Opinion

Sandy Hook and the triumph of fear

Photo of Tim Quast
Tim Quast
President, ModernNetworks IR LLC

Sandy Hook brings us again to the divide between freedom and fear.

I grew up on a cattle ranch in the Snake River Breaks of eastern Oregon, where purple mountains split the high desert from the state’s rugged alpine corner. From my youth until I left for college, I rarely mounted a horse or drove a pickup truck unarmed.

Once when I was building a fence alone on a forbidding escarpment we called Camelback Mountain, I came across bear tracks so fresh that the lines and veins in the bear’s pads were visible in the dirt. I was glad for the gun on my hip. I was good enough with it to shoot rattlesnakes from the saddle.

That was in 1985. In 1885, 25 years after John Durbin homesteaded the ranch my father bought (from the man who bought it from Durbin), people carried guns for freedom from fear. Same for me 100 years later. On a horse before sunup bound for Mud Springs on the rim of Hells Canyon, a rifle in a scabbard was freedom from fear.

Now, some members of Congress want to disarm the free masses in response to the actions of a single deranged person.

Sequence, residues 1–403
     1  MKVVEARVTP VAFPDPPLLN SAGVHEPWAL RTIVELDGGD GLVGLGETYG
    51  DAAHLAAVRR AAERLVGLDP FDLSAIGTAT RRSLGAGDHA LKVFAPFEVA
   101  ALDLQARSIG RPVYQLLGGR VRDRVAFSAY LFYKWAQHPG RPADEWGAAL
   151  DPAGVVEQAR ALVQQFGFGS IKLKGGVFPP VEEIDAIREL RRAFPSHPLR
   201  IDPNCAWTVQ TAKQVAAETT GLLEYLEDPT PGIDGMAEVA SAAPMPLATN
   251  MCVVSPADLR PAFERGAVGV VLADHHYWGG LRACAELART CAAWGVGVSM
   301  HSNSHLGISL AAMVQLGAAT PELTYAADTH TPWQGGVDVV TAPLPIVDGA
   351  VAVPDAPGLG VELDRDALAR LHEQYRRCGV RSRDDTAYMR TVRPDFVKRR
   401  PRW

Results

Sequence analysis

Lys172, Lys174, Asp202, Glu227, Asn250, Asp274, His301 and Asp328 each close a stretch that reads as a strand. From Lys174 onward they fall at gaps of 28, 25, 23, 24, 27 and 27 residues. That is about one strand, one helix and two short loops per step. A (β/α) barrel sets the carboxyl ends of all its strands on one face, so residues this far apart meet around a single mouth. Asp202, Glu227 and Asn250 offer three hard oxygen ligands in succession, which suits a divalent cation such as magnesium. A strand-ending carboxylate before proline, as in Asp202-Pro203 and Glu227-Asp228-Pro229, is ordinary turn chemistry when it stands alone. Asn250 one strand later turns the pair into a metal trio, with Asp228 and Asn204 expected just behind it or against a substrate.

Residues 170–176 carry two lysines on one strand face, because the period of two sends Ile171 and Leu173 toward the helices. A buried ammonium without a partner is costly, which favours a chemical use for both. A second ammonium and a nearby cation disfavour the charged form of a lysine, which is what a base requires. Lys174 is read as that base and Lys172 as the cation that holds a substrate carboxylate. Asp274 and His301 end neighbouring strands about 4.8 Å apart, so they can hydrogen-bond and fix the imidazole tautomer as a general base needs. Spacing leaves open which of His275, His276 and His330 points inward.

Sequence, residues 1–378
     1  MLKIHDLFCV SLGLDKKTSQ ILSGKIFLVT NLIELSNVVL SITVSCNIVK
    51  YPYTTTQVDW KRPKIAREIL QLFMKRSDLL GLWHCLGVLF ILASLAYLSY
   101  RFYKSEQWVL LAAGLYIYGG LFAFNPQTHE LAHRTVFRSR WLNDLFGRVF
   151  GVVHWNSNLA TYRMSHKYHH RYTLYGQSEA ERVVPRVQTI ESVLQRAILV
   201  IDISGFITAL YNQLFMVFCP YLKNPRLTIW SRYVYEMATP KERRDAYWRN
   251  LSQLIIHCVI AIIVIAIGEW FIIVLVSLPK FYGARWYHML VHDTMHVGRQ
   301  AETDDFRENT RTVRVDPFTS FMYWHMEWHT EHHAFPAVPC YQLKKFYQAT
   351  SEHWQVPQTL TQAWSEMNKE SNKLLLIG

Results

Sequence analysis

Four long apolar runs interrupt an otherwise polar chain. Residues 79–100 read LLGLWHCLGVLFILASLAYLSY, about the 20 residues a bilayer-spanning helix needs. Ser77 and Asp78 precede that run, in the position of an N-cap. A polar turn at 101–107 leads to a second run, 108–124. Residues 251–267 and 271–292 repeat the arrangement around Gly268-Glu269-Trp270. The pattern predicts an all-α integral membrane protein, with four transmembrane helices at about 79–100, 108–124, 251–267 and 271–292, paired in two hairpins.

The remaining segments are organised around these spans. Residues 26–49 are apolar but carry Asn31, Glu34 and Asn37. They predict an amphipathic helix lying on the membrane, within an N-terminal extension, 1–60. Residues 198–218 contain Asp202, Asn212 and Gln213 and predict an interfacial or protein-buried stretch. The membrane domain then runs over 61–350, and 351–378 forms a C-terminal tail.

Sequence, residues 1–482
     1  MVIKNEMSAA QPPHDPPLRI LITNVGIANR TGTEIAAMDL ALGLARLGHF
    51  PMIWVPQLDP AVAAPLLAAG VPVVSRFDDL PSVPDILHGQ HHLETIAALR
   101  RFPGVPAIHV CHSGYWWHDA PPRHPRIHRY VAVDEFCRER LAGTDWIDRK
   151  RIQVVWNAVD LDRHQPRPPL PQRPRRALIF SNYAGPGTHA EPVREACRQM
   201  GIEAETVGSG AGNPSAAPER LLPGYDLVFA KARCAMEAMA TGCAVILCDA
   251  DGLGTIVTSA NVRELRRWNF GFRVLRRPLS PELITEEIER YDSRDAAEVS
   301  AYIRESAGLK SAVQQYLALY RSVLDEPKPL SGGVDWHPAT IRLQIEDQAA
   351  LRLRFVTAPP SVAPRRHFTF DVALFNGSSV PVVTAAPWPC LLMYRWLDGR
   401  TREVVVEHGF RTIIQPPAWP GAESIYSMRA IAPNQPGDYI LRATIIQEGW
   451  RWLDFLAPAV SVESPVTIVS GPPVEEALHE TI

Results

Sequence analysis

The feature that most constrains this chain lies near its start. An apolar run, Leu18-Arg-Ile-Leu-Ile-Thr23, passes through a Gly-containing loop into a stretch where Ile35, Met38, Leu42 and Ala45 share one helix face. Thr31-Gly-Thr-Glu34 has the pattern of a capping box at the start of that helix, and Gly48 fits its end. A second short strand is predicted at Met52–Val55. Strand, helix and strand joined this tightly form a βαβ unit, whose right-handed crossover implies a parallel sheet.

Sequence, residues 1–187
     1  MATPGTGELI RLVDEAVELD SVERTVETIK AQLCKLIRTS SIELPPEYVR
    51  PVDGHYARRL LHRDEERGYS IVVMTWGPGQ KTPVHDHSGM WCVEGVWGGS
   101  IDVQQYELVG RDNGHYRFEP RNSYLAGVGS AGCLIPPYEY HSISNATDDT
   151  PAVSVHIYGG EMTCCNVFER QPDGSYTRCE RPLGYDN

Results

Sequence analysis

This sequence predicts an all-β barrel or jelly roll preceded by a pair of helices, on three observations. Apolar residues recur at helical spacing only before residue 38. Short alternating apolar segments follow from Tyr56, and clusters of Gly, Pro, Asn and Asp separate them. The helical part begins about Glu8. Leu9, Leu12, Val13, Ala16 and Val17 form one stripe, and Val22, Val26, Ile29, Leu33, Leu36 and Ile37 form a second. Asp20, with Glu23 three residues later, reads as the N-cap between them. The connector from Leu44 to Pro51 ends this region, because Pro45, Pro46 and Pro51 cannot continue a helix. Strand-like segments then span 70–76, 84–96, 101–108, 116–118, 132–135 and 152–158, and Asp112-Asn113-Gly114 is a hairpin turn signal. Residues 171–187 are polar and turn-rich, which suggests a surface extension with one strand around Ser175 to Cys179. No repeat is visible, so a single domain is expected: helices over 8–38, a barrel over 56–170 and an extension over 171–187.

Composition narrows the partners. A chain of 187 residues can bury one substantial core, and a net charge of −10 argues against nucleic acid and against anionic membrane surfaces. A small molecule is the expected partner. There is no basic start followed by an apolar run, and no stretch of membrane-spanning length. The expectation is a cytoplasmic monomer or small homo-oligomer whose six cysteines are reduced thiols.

Fear is a bully. Before this nation existed, our forebears were bullied by Britain, the greatest geopolitical power of that epoch. On December 7, 1941, our nation encountered fear as bully and responded with resolve. It happened again on September 11, 2001.

Slayers of innocents are psychological bullies of those of us they don’t directly harm. They rob society of its sense of security. Sometimes there’s nothing one can do to stop evil. But sometimes there is.

We can triumph over fear through preparation. On December 9, 2007, a gunman opened fire at New Life Church in Colorado Springs. A volunteer church security staffer drew her weapon and shot the 24-year-old male attacker dead.

I’m dumbstruck by the desire to disarm in the face of tragedy. Our founders saw vigilance, preparedness and muscularity as essential components of the defense of liberty, and they articulated that belief in the text of the Second Amendment: “A well-regulated militia, being necessary to the security of a free state, the right of the people to keep and bear arms, shall not be infringed.”

The Second Amendment isn’t about guns. It’s about liberty and the right of the people to possess the means necessary to preserve it. The most vital ingredient of freedom is not the right to say what you want but the capacity to remain free when someone or something inevitably attempts to take your freedom from you.